Hours before community residents gathered at Temple Emanu-El in Westfield to hear a panel discussion on common sense gun control, a five-year-old in Kentucky picked up his rifle, which he had received as a gift the year before, and shot and killed his two-year-old sister. This illustration of senseless gun violence was chilling and served as a stark call to action for the hundred or so concerned citizens that had come out to hear community leaders talk about gun control. Politicians at every level of government have been debating gun control and looking for answers. The mass murder in Newtown, Connecticut, which took the lives of 26 people, including 20 little children, has raised the issue and demanded that government take action. The Connecticut Legislature and Governor Malloy have acted. The New York Legislature and Governor Cuomo have acted. The New Jersey Legislature and Governor Christie have not acted. Congress has not acted.
Calling themselves “accidental activists,” the leaders of NJ Residents for Action (Against Gun Violence) organized the forum of legislators, law enforcement officials and clergy to discuss the status of gun control efforts. All of the speakers urged the audience members to speak out. To write and call their legislators and the Governor and to have their voices heard. Although recent polls show that more than 90 percent of Americans are in favor of common sense gun control and universal background checks, Assemblyman Joe Cryan reported that his office had received 2000 emails and letters from pro-gun constituents and “zero” from the silent majority. He urged people to take the time to reach out. Assemblyman Cryan was a sponsor of many of the bills included in the gun control package that was passed by the New Jersey Assembly in February. Cryan and Linda Stender, who was also at the event, are advocates for both universal background checks and a reduction on large-capacity magazines.
A bill to reduce large-capacity magazines is now creating a controversy in the State Senate where President Stephen Sweeney is refusing to put this bill up for a vote as part of the Senate’s gun package. Sweeney, a democrat, is putting his own re-election in front of public safety. He should allow this bill to come forward. As Sheriff Ralph Froehlich said at the event, “There is no need for anyone to shoot off 15 rounds. Years ago we limited the number of times hunters can shoot deer to three shots, but someone can shoot 15 rounds into our kids. One of the children at Newtown was shot 11 times. These are weapons of war that are designed to kill people. They are not for recreation. It doesn’t make any sense.”
anwood Mayor Colleen Mahr talked about her involvement with Mayors Against Illegal Guns, a coalition of 900 mayors across the country and 1.5 million grassroots supporters. These leaders have put partisan politics aside and have come together around three common goals: protecting communities by holding gun offenders accountable; demanding access to crime gun trace data that is critical to law enforcement efforts to combat gun trafficking; and working with legislators to fix weaknesses and loopholes in our laws. Mayor Skibitsky of Westfield has refused to join this effort. Mayoral candidate Dave Haas attended the rally and said that he would join the coalition if elected.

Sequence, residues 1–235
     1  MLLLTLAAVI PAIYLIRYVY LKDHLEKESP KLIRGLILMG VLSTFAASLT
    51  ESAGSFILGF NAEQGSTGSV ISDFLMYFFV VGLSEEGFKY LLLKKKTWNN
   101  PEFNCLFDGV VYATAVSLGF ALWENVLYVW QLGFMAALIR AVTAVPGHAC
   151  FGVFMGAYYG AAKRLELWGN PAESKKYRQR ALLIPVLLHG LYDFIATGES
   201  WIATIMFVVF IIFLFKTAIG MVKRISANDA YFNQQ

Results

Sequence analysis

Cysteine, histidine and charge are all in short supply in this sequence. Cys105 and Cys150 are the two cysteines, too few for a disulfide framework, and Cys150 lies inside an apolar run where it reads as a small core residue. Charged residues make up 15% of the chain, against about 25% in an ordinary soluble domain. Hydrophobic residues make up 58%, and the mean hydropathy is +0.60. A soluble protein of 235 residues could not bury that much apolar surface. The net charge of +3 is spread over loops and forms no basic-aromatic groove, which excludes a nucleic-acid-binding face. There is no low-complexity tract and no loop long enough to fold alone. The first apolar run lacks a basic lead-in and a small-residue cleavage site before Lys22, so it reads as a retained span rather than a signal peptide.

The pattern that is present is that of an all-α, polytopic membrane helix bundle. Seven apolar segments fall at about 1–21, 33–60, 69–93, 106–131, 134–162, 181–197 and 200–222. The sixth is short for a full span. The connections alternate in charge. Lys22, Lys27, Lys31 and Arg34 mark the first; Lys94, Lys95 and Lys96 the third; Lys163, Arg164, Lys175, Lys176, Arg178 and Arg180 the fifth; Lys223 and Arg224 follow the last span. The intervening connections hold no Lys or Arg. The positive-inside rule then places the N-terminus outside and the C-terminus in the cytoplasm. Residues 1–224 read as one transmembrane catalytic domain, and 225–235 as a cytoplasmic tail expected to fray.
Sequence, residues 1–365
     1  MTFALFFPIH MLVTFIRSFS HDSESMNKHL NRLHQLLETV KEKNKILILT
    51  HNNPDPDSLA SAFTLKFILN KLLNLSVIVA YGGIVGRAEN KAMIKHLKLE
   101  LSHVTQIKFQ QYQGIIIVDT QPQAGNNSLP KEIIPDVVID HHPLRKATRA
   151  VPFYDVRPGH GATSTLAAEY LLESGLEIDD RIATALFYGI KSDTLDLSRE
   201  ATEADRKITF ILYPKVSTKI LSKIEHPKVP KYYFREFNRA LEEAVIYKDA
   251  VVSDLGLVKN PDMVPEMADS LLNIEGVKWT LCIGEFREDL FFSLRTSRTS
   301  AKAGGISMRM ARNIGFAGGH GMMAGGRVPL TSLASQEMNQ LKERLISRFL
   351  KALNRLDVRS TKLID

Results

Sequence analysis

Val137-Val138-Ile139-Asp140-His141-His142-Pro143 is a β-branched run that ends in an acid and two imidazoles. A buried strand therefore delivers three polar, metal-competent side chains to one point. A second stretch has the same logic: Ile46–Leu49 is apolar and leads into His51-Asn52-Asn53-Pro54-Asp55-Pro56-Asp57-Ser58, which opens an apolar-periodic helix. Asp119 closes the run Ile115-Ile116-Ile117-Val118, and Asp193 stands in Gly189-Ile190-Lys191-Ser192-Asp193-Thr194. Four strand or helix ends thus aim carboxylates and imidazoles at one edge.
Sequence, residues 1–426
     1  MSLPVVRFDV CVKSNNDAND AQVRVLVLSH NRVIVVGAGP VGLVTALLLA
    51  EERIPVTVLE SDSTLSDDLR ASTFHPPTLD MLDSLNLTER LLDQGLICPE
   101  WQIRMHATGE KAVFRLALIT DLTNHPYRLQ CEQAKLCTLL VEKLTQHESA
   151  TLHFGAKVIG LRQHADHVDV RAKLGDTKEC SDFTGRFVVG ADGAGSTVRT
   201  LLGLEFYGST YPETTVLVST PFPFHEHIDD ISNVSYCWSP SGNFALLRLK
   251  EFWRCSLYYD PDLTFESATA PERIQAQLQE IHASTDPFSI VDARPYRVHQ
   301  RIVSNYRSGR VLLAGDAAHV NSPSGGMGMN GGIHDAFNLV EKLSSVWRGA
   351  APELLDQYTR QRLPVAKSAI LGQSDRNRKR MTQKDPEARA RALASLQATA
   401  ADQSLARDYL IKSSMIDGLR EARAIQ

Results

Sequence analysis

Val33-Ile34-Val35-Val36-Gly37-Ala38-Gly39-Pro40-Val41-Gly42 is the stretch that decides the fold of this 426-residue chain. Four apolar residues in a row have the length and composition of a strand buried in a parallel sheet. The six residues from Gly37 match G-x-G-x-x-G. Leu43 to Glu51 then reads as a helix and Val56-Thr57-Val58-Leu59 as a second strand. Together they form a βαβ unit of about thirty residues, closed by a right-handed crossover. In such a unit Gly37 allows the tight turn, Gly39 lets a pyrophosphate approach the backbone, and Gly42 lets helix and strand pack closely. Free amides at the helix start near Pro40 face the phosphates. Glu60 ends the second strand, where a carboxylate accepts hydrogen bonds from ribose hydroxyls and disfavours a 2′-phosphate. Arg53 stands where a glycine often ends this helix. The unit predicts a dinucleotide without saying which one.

On the federal level, last month, more than 40 U.S. Senators voted against a bill that included comprehensive background checks in deference to the very vocal and very rich gun lobby. The last significant federal gun law, the Assault Weapons Ban, was passed in 1994 and expired in 2004. In January of 2013, one month after Newtown, President Obama announced his plans for gun control which included universal background checks, an assault weapons ban, limiting ammunition magazines to 10 rounds and offering more comprehensive insurance coverage for mental health. A call to Congressman Leonard Lance’s office to ask for his position on gun control produced the following answer. “Congressman Lance supports tightening the background-check process on gun sales... Concerning reducing magazine sizes,…the Congressman prefers to focus his energies on proposals that have broad, bipartisan support and believes that issue may be best left up to the states,” wrote his press secretary.
Many other speakers spoke passionately about the issue, including former Governor Jim Florio, Reverend Robert Moore, Executive Director of Coalition for Peace Action, Reverend Dr. Raymond R. Roberts of the Presbyterian Church, Michael Pohle, the father of one of the victims at the Virginia Tech massacre and Rabbi Sagal. If you feel passionate about saving innocent lives, now is the time to let your legislators know. Michael Pohle shared with the audience his day on April 16, 2007 when a gunman shot and killed his son Michael along with 32 other people and wounded 17 in two separate attacks before the gunman killed himself at Virginia Tech. He described going to lunch on an ordinary day that turned into the worst day of his life. Let’s act together so that other fathers, mothers, and children never have to feel the pain he has lived through. Write or call your legislator today.